Just beyond a Safeway parking lot, my early morning walk takes me into an older housing development. The homes are on small lots, about...

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SANTA ROSA, Calif. — Just beyond a Safeway parking lot, my early morning walk takes me into an older housing development. The homes are on small lots, about 60 feet wide. They are well-tended, with lovely plantings. Enormous irises are in full bloom.

The size and design of the houses — they are ranch homes, 1,100 to 1,400 square feet — say they were built in the early 1950s. Most have single-car garages.

A house painter in coveralls walks toward me, and we start to talk. I learn the house behind me is his, that he bought it nearly 30 years ago for $17,500 and that he has improved it by adding a family room. Like its landscaping and small lawn, the house appears to be in perfect condition. In much of America, it would sell for about $150,000.

“How much do you think your house is worth?” I ask.

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“Prices are crazy here,” he says. “About $900,000.”

Somehow, I am not shocked. This is California. A compulsive reader of area home guides, I know that $300 a square foot is basic, $400 is routine, and figures way over that are common.

People are selling in Marin County, to the south, to take advantage of the “bargains” here. Indeed, a day later I describe the house and neighborhood to a real-estate agent. She informs me $900,000 is a bit high.

“It’s more likely worth about $800,000,” she says.

An advertisement from a Russian River real-estate agent offers: “Rural Sebastopol. Beautiful sunny view lot with older mobile home. Approximately 1/2-acre lot. Mobile is in good condition (for its age) and has large spacious rooms and covered patio. $350,000.”

It may not sell for that, of course. But I can’t help thinking about a house in suburban Austin, Texas, that has been for sale since last summer.

The development offers bike paths, community pools and tennis courts, and an occasional view of Lake Travis. Like Lake Wobegon, all of the children there are above average, probably because at least one of their parents works for Dell Computer.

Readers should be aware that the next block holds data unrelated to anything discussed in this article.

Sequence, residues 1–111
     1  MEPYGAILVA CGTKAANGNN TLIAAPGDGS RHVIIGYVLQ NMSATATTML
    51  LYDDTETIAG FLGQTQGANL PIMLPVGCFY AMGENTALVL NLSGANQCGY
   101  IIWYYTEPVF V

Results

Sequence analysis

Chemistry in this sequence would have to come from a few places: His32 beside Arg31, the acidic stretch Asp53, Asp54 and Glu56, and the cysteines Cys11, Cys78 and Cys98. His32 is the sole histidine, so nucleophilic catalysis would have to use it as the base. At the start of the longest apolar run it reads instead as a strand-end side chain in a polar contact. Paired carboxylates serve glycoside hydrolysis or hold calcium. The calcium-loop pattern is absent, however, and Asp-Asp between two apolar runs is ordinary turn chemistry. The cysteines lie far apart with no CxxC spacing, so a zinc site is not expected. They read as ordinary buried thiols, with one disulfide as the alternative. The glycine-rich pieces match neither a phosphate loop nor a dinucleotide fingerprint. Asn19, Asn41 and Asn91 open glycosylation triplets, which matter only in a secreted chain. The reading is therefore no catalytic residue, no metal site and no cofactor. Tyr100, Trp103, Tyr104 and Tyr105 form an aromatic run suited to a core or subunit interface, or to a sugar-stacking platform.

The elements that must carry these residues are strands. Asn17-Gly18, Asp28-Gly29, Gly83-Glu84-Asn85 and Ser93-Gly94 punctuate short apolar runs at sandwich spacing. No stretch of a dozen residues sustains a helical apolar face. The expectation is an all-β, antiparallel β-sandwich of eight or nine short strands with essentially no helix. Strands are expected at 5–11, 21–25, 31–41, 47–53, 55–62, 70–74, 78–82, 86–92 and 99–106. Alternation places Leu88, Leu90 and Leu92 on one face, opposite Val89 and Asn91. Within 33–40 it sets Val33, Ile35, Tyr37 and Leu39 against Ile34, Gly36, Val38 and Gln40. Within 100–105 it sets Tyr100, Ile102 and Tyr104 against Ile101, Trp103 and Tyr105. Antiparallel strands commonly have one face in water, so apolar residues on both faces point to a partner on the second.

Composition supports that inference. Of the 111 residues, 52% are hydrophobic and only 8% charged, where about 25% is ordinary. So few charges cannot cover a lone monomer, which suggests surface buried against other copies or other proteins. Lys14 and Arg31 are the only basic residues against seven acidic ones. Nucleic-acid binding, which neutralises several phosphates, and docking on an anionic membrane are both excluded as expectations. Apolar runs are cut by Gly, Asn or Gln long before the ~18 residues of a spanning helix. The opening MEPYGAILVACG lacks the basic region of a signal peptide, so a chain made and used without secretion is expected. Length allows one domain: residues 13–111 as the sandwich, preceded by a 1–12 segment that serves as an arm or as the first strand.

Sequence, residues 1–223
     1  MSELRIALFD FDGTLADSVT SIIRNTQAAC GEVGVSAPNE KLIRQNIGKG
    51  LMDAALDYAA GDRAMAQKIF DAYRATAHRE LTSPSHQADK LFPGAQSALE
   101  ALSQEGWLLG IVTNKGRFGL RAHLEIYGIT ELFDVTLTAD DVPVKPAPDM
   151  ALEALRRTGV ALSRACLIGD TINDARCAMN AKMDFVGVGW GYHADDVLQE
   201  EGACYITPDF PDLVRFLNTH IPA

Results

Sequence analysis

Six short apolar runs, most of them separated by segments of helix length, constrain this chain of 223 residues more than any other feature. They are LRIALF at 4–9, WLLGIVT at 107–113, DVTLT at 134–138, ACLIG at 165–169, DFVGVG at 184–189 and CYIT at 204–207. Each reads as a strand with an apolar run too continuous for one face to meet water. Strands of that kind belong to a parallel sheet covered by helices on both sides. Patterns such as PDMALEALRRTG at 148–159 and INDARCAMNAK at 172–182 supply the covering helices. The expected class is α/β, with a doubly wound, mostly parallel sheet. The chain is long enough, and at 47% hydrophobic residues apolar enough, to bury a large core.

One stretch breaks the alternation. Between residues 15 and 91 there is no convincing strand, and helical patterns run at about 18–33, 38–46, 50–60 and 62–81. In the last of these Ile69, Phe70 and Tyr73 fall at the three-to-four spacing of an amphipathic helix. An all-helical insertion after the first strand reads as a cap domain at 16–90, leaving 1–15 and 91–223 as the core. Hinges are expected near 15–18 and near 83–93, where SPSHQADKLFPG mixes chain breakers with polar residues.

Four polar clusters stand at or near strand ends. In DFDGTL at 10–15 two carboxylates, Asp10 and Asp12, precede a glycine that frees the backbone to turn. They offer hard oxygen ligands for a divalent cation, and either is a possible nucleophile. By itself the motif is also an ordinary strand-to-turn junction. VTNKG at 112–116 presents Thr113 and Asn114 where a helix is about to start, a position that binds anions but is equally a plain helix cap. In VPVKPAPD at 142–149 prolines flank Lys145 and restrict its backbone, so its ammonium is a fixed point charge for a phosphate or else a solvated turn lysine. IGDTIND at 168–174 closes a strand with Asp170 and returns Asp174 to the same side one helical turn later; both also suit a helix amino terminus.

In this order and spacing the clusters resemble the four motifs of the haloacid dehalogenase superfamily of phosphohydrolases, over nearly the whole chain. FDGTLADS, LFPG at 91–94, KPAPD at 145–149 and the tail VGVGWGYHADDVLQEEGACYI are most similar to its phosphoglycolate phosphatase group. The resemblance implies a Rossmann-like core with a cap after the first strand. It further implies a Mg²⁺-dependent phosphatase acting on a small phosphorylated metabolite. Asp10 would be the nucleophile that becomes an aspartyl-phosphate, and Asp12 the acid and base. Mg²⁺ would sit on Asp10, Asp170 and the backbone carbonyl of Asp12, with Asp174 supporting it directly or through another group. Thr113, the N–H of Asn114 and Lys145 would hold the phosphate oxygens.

This particular house has one of those distant Lake Travis views from the master bedroom, 3,500 square feet of living space, a large lot and 2 ½ baths, but it has no takers at $300,000.

The real issue, however, isn’t the stunning differences in price from one location to another. It’s the paycheck gap. California is full of working-stiff houses with fat-cat price tags.

Visit a Web site like www.bankrate.com and you can play with one of the many “How much house can you afford?” calculators. Its calculator tells me that if you have a 20 percent down payment — that’s an impressive $160,000 on an $800,000 home — and can get a 30-year mortgage at 5 percent interest, you’ll need an income of about $13,000 a month to qualify for the necessary mortgage.

This assumes that real-estate taxes are only 1/2 of 1 percent of value, that insurance is relatively cheap and that you’ve managed to avoid any consumer debt that might reduce the amount you can borrow.

So you’d need an income of $156,000 a year to buy that house for $800,000.

How much would you bet the owner doesn’t earn that much? Though some painting contractors do very well, I’ve never met a painter who earns $156,000 a year. Indeed, fewer than 5 percent of all income-tax returns report that much. Most get there by having two earners.

Basically, California is a state where few of the homeowners would qualify to buy the houses they already own. This is good for them, if they have plans to sell their homes and move out of state.

But it makes you wonder who — and where — the next buyer is.

Questions about personal finance and investments may be sent to Scott Burns at The Dallas Morning News, P.O. Box 655237, Dallas, TX 75265; by fax at 214-977-8776; or by e-mail at scott@scottburns.com. Questions of general interest will be answered in future columns.